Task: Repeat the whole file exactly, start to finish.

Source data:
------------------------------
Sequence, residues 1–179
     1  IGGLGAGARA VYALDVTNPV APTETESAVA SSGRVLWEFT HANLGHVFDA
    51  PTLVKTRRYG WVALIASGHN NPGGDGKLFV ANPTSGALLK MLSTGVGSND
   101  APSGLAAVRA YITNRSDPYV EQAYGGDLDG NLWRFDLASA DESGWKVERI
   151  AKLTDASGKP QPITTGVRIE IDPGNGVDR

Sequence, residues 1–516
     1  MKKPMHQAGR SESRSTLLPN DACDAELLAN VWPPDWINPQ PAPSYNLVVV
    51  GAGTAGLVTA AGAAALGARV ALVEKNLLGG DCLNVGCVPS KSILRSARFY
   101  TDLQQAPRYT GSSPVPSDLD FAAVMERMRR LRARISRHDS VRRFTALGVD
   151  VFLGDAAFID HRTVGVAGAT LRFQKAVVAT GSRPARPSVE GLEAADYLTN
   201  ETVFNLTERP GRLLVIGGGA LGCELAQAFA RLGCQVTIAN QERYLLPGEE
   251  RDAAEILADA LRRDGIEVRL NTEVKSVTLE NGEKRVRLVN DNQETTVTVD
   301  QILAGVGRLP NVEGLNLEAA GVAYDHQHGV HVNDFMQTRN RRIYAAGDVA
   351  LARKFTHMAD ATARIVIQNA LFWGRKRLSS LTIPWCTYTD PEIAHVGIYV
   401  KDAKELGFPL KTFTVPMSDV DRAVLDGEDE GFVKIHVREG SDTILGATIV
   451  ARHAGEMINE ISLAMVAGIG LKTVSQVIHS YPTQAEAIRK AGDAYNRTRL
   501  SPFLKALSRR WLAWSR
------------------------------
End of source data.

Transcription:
Sequence, residues 1–179
     1  IGGLGAGARA VYALDVTNPV APTETESAVA SSGRVLWEFT HANLGHVFDA
    51  PTLVKTRRYG WVALIASGHN NPGGDGKLFV ANPTSGALLK MLSTGVGSND
   101  APSGLAAVRA YITNRSDPYV EQAYGGDLDG NLWRFDLASA DESGWKVERI
   151  AKLTDASGKP QPITTGVRIE IDPGNGVDR

Sequence, residues 1–516
     1  MKKPMHQAGR SESRSTLLPN DACDAELLAN VWPPDWINPQ PAPSYNLVVV
    51  GAGTAGLVTA AGAAALGARV ALVEKNLLGG DCLNVGCVPS KSILRSARFY
   101  TDLQQAPRYT GSSPVPSDLD FAAVMERMRR LRARISRHDS VRRFTALGVD
   151  VFLGDAAFID HRTVGVAGAT LRFQKAVVAT GSRPARPSVE GLEAADYLTN
   201  ETVFNLTERP GRLLVIGGGA LGCELAQAFA RLGCQVTIAN QERYLLPGEE
   251  RDAAEILADA LRRDGIEVRL NTEVKSVTLE NGEKRVRLVN DNQETTVTVD
   301  QILAGVGRLP NVEGLNLEAA GVAYDHQHGV HVNDFMQTRN RRIYAAGDVA
   351  LARKFTHMAD ATARIVIQNA LFWGRKRLSS LTIPWCTYTD PEIAHVGIYV
   401  KDAKELGFPL KTFTVPMSDV DRAVLDGEDE GFVKIHVREG SDTILGATIV
   451  ARHAGEMINE ISLAMVAGIG LKTVSQVIHS YPTQAEAIRK AGDAYNRTRL
   501  SPFLKALSRR WLAWSR